Deans step down


Thomas P. Gerrity, dean of the Wharton School since 1990, and Colin S. Diver, dean of the Law School since 1989, both submitted their resignations last week, effective June 30, 1999, but plan to stay on as professors.

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Thomas P. Gerrity

Gerrity plans to pursue scholarly interests and teach at Wharton.

"I have been looking forward in recent years to spending more time with my family," Gerrity said.

Under Gerrity's leadership, undergraduate and MBA applications rose about 80 percent to record levels. Wharton raised more than any other business school in the past two years, and tripled its endowment in eight years to more than $292 million.

A pacesetter in the use of information technology, Wharton has extended international programs and has created new interdisciplinary and joint-degree programs with other schools at Penn.

One of those schools is the Law School.

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Colin S. Diver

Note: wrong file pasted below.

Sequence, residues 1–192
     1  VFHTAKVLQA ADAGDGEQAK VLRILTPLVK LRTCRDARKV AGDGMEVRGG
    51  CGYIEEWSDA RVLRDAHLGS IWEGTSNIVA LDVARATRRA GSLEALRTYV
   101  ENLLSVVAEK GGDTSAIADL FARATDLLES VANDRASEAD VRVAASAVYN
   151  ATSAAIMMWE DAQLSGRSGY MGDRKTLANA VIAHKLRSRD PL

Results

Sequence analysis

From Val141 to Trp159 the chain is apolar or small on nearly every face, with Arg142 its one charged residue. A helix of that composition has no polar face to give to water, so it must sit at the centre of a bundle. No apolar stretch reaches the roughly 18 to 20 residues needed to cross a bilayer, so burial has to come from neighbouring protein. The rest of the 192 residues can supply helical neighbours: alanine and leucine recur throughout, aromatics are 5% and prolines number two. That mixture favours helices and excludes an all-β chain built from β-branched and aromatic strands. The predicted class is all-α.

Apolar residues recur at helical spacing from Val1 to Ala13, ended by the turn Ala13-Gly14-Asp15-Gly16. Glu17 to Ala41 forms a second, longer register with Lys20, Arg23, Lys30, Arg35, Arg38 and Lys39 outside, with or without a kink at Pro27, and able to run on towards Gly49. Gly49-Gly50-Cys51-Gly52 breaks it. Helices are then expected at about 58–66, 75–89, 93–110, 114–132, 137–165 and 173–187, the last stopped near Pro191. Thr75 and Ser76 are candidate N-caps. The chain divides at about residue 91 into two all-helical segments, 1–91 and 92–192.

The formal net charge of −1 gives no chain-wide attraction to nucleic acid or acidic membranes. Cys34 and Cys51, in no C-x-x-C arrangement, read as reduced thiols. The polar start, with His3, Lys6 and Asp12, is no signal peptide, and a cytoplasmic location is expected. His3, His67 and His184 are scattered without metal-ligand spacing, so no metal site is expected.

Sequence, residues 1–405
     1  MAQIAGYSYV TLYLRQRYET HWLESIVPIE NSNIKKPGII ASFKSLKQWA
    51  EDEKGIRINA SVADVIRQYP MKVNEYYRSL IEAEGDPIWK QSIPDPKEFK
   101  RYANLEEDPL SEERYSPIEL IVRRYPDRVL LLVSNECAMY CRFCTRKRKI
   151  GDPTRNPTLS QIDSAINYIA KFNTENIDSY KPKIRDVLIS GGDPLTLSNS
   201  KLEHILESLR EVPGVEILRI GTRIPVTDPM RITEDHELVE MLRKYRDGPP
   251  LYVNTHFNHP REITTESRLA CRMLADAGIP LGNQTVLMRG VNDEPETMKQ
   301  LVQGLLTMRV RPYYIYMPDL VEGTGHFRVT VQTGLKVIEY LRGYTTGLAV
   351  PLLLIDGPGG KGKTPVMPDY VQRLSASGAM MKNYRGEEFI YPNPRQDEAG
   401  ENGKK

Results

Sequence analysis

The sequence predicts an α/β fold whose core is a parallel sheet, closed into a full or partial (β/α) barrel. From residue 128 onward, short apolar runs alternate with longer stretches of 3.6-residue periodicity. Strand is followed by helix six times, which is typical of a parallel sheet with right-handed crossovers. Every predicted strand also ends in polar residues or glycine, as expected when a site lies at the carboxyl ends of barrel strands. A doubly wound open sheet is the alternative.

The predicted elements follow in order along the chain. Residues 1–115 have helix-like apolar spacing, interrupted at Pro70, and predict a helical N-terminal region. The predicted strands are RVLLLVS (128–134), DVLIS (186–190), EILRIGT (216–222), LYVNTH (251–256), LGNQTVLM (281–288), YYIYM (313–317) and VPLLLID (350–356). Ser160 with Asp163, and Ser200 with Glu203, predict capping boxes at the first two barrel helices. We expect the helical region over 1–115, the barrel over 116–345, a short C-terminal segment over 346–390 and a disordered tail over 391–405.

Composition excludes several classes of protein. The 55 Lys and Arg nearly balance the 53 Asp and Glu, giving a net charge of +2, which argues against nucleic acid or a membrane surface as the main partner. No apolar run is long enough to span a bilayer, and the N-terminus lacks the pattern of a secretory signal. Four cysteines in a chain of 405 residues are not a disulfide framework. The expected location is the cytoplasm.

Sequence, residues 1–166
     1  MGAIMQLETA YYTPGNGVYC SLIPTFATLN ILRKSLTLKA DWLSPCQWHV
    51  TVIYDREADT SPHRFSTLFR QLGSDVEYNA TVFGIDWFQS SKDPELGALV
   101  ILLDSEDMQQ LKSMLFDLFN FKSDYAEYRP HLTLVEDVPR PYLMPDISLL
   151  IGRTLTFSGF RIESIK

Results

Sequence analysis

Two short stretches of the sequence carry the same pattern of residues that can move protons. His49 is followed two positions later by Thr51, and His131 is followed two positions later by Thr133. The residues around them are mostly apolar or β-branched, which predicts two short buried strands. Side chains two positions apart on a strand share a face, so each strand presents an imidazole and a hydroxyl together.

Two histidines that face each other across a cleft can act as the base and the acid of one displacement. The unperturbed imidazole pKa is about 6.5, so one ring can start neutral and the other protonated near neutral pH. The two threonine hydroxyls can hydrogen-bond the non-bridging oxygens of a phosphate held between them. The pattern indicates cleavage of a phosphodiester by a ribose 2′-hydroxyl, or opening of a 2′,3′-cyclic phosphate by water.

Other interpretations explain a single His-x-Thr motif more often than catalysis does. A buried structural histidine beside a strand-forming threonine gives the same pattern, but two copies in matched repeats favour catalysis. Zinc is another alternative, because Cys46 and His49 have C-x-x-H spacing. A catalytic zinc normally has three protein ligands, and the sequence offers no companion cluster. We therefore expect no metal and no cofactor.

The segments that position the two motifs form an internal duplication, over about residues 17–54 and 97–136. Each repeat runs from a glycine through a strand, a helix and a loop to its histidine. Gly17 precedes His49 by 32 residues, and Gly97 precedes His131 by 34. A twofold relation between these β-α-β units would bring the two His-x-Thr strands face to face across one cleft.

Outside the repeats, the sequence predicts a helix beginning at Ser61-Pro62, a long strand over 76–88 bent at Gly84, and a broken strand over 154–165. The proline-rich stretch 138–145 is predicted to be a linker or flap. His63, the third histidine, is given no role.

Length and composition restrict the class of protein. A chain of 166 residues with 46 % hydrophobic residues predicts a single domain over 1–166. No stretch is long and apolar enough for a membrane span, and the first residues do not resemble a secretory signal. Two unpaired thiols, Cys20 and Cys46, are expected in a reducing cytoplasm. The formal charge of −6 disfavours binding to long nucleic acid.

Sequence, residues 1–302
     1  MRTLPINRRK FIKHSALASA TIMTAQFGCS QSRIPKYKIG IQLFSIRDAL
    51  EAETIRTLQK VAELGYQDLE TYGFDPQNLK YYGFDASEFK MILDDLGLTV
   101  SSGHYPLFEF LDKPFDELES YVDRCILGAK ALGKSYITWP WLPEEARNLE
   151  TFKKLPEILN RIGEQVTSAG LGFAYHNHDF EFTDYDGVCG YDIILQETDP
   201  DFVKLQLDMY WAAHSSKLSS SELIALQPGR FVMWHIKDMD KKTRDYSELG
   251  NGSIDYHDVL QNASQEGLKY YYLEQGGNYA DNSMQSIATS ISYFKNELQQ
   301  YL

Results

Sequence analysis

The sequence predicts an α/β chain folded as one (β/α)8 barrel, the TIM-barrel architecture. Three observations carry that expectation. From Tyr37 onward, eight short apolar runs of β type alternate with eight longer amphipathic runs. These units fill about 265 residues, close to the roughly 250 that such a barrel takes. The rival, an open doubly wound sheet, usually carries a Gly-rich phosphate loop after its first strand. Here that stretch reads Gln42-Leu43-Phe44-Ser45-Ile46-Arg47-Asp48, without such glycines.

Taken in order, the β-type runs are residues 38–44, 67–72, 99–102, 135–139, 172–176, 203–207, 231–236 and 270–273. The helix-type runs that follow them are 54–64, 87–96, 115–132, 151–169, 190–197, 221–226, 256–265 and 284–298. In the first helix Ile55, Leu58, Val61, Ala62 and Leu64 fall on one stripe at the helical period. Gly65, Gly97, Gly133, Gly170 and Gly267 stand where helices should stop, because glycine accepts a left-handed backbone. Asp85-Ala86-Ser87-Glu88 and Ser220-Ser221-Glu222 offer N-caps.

"By the conclusion of the current academic year, I will have accomplished the goals I set for myself in 1989," Diver wrote in his letter of resignation as dean of the Law School.

Under Diver's leadership, the standing faculty and endowed chairs have each increased by one-third. The largest gift ever to an American law school, donated during Diver's tenure, is one of many that have enabled the Law School to double its facilities and incorporate technology services for students and faculty.

Programs in international, foreign and comparative law have strengthened the curriculum under Diver's tenure.

Penn President Judith Rodin expressed appreciation and sadness on learning of the two resignations. The Law School, she said, "is very much stronger in virtually every respect today than it was" a decade ago, she said.

Of Gerrity, she said, "Clearly, he has been the linchpin in Wharton's reputation as the finest business school in the world."

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Originally published on October 15, 1998